Warrington forward Jack Hughes will not let a ruptured testicle stop him from playing in the Challenge Cup final this Saturday at Wembley Stadium.
The Wolves will take on St Helens in rugby league’s showpiece event and Hughes is backing himself to be fit to play, despite suffering the gruesome injury just 17 days ago.
The second-rower took a knock to the genitals in the first half a match against Catalans Dragons in Perpignan on August 3. Amazingly, Hughes played on for 50 minutes more before being sent to hospital.
“Catalans had scored a try and, from the restart, I got tackled, copped a knee to my groin and fell straight to the ground,” he explained.
“That initial five minutes of pain is something I wouldn’t wish on my worst enemy. It gradually started to ease up but then in the second half I could feel the swelling between my legs. It was pretty nasty, so I thought, in the end, I better get myself off and checked out.”
Hughes went into surgery immediately in France to repair his damaged gonad.
“I got straight in there, got the ultrasound and within a couple of hours I was going into surgery,” he said.
“The surgeon explained that I had ruptured a third of my testicle, that there was a small chance of me losing it and what life would be like afterwards.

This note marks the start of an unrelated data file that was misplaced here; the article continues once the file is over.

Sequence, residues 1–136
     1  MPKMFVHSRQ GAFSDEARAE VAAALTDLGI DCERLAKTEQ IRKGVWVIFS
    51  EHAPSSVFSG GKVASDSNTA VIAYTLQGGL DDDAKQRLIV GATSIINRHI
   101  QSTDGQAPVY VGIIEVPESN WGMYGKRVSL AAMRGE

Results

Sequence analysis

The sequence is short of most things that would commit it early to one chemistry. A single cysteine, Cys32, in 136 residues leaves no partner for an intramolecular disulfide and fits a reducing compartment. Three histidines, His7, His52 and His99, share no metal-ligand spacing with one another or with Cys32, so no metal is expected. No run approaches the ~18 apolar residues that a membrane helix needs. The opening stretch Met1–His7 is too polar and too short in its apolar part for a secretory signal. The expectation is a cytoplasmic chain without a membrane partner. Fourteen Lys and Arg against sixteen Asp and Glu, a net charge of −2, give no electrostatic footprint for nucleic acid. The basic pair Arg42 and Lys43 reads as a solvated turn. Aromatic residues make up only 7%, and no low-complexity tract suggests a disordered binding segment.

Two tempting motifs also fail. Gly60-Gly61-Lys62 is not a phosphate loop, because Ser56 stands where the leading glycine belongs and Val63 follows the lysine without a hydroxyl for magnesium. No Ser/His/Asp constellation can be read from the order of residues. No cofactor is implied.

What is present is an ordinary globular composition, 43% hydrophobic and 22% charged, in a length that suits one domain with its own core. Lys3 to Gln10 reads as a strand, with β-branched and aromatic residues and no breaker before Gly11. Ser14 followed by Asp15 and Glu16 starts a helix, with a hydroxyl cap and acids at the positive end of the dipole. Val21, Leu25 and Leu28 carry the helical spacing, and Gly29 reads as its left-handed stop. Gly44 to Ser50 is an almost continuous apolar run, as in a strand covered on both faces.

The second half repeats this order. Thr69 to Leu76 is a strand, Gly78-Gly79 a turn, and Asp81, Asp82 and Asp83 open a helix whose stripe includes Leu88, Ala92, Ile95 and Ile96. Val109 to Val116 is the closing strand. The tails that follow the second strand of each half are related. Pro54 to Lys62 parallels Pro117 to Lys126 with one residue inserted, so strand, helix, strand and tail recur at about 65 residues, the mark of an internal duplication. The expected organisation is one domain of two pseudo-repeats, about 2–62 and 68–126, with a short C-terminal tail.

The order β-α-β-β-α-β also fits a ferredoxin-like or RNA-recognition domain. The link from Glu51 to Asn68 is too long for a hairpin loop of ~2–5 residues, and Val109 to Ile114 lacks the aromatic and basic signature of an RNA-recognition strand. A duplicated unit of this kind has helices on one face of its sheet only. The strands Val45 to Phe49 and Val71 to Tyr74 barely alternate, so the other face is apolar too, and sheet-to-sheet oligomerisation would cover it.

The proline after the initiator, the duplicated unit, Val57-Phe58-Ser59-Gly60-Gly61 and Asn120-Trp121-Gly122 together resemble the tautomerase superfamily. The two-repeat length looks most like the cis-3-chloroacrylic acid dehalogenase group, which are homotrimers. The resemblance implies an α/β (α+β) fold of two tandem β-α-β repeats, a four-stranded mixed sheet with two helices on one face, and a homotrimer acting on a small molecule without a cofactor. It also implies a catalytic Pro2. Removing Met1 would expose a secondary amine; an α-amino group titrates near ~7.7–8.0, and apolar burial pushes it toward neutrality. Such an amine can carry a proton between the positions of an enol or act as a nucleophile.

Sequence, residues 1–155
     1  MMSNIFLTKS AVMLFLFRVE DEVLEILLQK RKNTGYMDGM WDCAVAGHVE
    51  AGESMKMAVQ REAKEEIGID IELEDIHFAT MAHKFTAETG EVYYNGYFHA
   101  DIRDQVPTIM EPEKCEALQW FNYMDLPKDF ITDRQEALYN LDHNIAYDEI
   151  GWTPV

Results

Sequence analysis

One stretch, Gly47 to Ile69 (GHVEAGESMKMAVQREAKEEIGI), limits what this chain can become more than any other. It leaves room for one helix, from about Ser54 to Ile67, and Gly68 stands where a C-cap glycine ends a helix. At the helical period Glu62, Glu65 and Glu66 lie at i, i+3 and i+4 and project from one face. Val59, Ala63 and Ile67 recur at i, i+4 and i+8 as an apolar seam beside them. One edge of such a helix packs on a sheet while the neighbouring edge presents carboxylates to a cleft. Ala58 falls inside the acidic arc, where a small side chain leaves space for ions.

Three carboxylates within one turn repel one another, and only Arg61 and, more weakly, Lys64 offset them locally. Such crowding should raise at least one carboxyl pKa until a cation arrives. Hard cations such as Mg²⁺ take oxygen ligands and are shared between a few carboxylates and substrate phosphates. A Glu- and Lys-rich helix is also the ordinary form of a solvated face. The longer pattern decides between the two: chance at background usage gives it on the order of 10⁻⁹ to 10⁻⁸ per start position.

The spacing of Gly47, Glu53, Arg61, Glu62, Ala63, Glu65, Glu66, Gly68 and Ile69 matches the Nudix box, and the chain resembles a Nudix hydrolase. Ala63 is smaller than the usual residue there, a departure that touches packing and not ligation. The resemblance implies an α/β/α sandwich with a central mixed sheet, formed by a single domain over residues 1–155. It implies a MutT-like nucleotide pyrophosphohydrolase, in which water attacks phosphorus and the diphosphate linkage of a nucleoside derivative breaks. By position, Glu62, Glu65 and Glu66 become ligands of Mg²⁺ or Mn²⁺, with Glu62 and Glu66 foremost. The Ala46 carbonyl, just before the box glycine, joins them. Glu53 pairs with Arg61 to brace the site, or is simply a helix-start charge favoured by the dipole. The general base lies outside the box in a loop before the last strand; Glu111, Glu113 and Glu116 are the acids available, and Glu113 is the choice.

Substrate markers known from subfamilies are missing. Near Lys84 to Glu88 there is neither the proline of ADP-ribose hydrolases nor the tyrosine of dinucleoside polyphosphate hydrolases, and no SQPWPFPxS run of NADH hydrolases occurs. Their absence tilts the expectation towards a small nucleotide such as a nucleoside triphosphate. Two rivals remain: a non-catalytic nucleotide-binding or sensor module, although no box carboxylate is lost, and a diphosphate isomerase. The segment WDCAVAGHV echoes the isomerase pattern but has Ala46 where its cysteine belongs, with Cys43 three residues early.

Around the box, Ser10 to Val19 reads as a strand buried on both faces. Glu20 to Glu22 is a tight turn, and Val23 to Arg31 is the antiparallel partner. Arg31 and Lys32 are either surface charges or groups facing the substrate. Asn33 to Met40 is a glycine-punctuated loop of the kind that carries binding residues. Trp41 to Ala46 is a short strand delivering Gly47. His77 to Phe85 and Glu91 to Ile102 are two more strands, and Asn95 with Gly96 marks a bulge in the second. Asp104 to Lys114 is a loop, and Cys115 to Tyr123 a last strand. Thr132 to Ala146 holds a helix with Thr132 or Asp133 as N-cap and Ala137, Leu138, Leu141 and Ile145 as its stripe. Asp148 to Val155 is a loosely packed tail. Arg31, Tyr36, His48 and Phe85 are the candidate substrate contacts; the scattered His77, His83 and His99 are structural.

“Gladly, he did a good job and I’ve still got the two [testicles] intact. It’s a pretty rare injury, most boys go their whole career without a whack in the knackers. It’s kind of one of these freak things. Hopefully, I’ll never cop one of those again.
“I had the stitches out last week, which was pretty painful but hopefully that’s the end of it now. I’ve felt a lot better since they’ve been removed.”
The 27-year-old has unsurprisingly not played another game since picking up the painful injury. But Hughes is in line to play in his third Challenge Cup final this weekend. He will train this week and will wear a genital protector to take the field in London.
“I had a little run at the weekend, and I’m feeling good,” Hughes maintained. “I’ve been looking at something similar to the boxes that the cricket boys wear and then putting some tight briefs over it,” he said.
“A bit more recovery time would have been ideal but I can run – no problems – and will test it out in the contact department this week. If there is a slight pain, the adrenalin takes over and, while I might be a bit uncomfortable afterwards, I suppose it’s a risk and reward because this is a Challenge Cup final.”
Hughes has unfinished business with the Challenge Cup after the Wolves were beaten in finals in 2016 and 2018 by Hull FC and Catalans. They have a huge task on their hands in Super League’s league leaders St Helens, who lost just three games all season.
“As a group, we’re hungry than ever,” the forward insisted. “Success tastes better when you’ve tasted defeat, that’s us at the minute. We’re striving for that and hopefully it’s going to taste really good for us on Saturday.”
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